Campaigning in the final stretch of the presidential election, Hillary Clinton took a brief break from knocking Donald Trump’s character to hammer his tax plan.
"He's taking care of himself, he's taking care of his family, he's taking care of the super wealthy and corporations," Clinton said at a rally in Pittsburgh on Nov. 4, 2016, adding that under Trump, "51 percent of single parents would see their taxes go up."
Briefly, Trump’s tax plan would collapse the seven federal income tax brackets into three (12 percent, 25 percent and 33 percent). He would also raise the standard deduction (the amount everyone can deduct from taxable income) but repeal personal exemptions and head of household filing status.
Tax analysts have found that Trump’s plan would deliver, on average, tax cuts across all income brackets. So how is it possible that single parents would pay more?
The Clinton campaign referred us to analysis of Trump’s tax plan from the Tax Policy Center, which is affiliated with the left-leaning Urban Institute.
According to the report, authored by New York University professor Lily Batchelder, about 20 percent of households and more than half of single parents would wind up paying more in federal taxes.
First, Trump’s proposal to increase the standard deduction wouldn’t be enough to offset the amount many single parents could have deducted with personal exemptions (which Trump would take away).
For example, a single mother with one child can take a $9,350 standard deduction and two $4,050 exemptions, one for herself and one for her child in 2017 under the current system — or $17,450 in exemptions in total. Under Trump’s plan, she would be able to take just a $15,000 standard deduction. The end result? That mother would have to pay income tax on an additional $2,450 under Trump’s plan.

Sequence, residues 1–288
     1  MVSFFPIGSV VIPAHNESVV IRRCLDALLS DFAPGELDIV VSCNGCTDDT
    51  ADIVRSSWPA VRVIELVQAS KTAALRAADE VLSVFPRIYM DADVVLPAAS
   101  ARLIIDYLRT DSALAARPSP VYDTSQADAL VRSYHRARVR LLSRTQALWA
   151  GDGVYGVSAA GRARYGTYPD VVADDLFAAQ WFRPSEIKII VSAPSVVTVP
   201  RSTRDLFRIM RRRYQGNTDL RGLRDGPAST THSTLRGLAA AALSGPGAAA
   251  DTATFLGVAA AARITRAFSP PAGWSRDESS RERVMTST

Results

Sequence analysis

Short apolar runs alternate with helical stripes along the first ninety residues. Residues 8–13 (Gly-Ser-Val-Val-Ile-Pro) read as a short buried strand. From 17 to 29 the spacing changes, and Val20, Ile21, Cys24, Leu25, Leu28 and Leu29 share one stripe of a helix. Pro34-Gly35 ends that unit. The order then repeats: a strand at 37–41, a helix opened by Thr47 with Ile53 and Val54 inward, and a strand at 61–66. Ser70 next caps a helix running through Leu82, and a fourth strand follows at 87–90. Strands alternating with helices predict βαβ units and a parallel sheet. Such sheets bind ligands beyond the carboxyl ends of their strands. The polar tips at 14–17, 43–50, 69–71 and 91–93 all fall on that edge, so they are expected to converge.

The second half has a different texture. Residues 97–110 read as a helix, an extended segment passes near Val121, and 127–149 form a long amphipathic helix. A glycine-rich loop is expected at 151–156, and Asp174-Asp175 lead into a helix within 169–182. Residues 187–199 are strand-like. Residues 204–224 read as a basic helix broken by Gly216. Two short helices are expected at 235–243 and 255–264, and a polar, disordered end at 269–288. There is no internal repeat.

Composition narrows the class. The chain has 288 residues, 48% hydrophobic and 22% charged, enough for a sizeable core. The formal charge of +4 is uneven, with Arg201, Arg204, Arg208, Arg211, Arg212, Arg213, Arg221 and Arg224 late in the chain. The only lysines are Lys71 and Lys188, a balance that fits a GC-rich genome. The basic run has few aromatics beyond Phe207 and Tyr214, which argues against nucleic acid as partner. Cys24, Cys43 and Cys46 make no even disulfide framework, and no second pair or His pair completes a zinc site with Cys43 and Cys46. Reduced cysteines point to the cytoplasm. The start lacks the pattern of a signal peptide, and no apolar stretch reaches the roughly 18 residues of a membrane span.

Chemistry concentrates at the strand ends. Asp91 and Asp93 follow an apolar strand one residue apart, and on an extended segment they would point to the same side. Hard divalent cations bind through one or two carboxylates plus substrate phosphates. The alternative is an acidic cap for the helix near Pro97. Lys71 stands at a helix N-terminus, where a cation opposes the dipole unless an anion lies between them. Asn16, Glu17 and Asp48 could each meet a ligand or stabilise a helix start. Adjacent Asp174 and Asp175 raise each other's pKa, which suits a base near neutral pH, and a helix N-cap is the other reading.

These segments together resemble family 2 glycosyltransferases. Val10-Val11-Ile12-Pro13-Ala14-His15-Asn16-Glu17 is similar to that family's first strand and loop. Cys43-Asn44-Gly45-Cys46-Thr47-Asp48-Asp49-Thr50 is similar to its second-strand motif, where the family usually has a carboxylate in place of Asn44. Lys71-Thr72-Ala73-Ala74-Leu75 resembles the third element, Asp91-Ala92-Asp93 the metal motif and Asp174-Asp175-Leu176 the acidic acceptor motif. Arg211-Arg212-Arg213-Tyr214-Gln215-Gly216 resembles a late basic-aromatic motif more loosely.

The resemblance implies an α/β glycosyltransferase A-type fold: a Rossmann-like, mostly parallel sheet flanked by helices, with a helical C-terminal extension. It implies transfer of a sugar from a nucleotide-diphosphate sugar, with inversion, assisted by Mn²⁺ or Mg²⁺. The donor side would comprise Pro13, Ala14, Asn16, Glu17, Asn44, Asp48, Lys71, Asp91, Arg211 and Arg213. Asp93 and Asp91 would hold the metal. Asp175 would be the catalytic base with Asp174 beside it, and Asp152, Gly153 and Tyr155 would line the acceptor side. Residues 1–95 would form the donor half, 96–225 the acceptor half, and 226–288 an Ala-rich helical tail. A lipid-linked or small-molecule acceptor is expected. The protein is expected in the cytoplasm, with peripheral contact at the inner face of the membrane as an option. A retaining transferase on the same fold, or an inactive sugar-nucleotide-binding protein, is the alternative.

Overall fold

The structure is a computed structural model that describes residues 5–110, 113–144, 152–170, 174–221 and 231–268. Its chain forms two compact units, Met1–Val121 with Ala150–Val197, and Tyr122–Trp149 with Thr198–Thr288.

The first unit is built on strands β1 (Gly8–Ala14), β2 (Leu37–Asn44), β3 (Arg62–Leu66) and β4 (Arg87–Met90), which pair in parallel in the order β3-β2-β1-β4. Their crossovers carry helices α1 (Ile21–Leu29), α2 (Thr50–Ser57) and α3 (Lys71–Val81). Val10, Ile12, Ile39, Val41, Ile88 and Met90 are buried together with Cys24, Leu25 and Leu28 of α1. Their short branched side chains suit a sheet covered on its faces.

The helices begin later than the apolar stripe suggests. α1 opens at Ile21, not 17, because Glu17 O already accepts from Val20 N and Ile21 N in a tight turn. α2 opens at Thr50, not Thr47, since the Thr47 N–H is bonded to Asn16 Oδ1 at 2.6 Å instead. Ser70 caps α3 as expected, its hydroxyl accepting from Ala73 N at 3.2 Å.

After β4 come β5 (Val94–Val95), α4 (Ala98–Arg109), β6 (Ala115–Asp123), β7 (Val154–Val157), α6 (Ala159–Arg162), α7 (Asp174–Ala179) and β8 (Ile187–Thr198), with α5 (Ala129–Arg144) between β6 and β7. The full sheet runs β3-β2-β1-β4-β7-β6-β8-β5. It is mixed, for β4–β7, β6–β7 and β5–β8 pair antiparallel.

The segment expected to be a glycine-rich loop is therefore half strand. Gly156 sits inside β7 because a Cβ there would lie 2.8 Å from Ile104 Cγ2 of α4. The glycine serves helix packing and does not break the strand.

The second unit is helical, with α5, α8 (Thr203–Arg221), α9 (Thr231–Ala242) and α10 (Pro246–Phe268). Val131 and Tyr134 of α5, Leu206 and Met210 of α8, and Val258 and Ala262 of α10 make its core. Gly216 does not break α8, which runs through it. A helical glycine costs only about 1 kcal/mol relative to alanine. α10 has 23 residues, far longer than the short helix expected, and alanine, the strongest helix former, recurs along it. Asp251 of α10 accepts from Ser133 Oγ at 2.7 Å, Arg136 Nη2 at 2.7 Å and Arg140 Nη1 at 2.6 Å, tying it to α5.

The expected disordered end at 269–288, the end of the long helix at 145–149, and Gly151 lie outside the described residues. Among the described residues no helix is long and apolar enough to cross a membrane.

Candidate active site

Second, the head of household filing status currently applies to unmarried filers with dependents, and their standard deduction and tax rates are between those of married filers and single filers. Repealing this provision as Trump proposes would require single parents to file as individuals with higher tax rates.
Third, Trump’s three brackets would increase taxes for many head of household filers. For example, the current lowest bracket is 10 percent, but Trump’s lowest bracket is 12 percent.
"For example, in 2017 a single parent with one child who claims the standard deduction would face a 25 percent tax rate on adjusted gross income between $53,050 and $68,550, compared with just a 15 percent rate under current law," Roberton Williams, an analyst at the Tax Policy Center, wrote in Forbes.
Put it altogether, 51 percent of single parents or about 5.8 million households would see a tax increase under Trump’s plan, Batchelder calculated. As our colleagues at FactCheck.org noted, "single parents tend to do worse under Trump’s plan than under current law."
For example, a single parent with an income of $75,000 and two school-age children would see his or her taxes increase by $2,440 or by $1,640 if the family had child care costs that could be deducted under Trump's plan, according to Batchelder. Similarly, a single parent making $50,000 and who had three children would face an increase of $1,188.
The Tax Foundation, a free market-oriented think tank, has not released similar analysis. But its director of federal projects, Kyle Pomerleau, found no faults with Batchelder’s report.
The Trump campaign did not respond to a request for comment.
Clinton said, under Trump's tax plan, "51 percent of single parents would see their taxes go up."
Trump’s proposal would simplify the federal tax code and provide tax cuts for many. But, analysts say, Trump’s plan would make changes that would affect some people negatively.
Trump’s proposal to eliminate the head of household filing status and personal exemptions would raise federal income taxes for many single parents.
We rate Clinton’s claim True.